EARTH-moving kit maker Miller International believes it can nearly double its turnover back up to pre-recession levels in the next three years after winning a series of export deals.
The company, which employs more than 200 people in Cramlington, has amassed a book of order prospects worth £78m and expects to be able to turn 30% of them into orders in the next 18 months.
The company was a high-profile victim of the recession. It saw its sales plunge from £40m in 2007 to £8m in 2009, which left it having to halve its 240-strong workforce the following year. “It was devastating. In the downturn we cut back virtually every area of the business,” said chairman Keith Miller.
“But we did not cut back product development. We have always invested in ensuring we have quality products.”
The company fought back, increasing sales to £13m in 2010 to more than £17m in 2011 and topped £25m last year.
“The core demand hasn’t gone away. There is still a demand for housing, infrastructure, logistics. People are just less certain about what they are doing. It is still a difficult market out there but we really need companies to have confidence,” said Miller.
His company exports around 60% of its products and is looking overseas to increase its market share back up to at least 70% from just over 50% where it currently stands.
The company, which is based in Gibraltar, has offices around the world and believes it can increase its sales by at least 7% in the coming years. Its biggest market is in the US, followed by the UK, Europe, India and a number of other countries including Russia and Australia.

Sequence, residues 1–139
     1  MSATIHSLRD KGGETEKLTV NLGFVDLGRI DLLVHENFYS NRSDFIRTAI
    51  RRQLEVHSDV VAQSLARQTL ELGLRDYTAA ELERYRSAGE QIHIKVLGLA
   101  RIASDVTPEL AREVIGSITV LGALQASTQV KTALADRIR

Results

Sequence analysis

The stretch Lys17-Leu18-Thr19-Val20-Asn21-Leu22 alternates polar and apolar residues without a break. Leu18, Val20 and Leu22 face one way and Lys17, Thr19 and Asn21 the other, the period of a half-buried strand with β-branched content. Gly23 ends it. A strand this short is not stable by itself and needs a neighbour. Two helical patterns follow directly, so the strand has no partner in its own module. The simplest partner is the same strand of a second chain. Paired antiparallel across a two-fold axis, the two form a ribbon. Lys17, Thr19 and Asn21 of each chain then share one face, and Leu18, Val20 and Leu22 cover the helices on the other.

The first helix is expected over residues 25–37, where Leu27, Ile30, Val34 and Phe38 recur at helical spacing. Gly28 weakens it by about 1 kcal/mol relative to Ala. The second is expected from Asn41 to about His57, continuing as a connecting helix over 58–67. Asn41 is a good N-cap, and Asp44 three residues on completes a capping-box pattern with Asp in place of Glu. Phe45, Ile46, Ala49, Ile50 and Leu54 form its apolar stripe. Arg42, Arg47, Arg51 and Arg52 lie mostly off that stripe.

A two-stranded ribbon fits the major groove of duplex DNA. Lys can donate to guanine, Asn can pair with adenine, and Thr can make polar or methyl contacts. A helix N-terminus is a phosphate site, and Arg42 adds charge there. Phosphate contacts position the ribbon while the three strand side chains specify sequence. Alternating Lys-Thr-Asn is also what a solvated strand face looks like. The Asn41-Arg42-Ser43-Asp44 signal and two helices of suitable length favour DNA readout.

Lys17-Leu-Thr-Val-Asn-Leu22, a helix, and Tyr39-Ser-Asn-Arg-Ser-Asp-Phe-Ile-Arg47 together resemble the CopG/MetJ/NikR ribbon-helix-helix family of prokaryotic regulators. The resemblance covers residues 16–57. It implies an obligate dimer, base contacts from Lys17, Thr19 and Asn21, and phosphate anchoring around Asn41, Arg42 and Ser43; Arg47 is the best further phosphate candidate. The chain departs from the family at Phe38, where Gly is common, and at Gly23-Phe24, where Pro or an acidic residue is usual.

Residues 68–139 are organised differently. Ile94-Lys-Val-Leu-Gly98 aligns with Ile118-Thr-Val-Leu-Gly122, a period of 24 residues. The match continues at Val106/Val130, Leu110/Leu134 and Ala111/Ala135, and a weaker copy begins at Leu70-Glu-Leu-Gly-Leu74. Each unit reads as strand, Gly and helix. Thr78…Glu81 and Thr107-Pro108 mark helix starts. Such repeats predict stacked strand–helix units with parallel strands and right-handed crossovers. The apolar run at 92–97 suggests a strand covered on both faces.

But that all may change in the next five years as the company moves in to the massive and growing Chinese market. Miller has had a presence in the country for around 13 years when it first launched a joint venture to get its quick-coupling product made over there. Since then the joint venture, which sees Miller provide the intellectual property and its northern Chinese partner provide the workforce, grow to employ 1,100 people.
And now Miller expects to make its first sales in the country and believes it has a big run on the competition because of its established Chinese links.
“We have spent a lot of time and money and effort over there and we feel we can make an impact. You only need a very small percentage of the market over there to sell hundreds of thousands of buckets. We are quite hopeful,” he said.
The 35-year-old company is owned entirely by Keith, his sister Jacqui and their brother Gary.
It began as a mobile welding and repair service for quarries, mines and opencast sites and now serves customers including Caterpillar, Volvo, JCB, Komatsu and Hitachi and their dealer networks.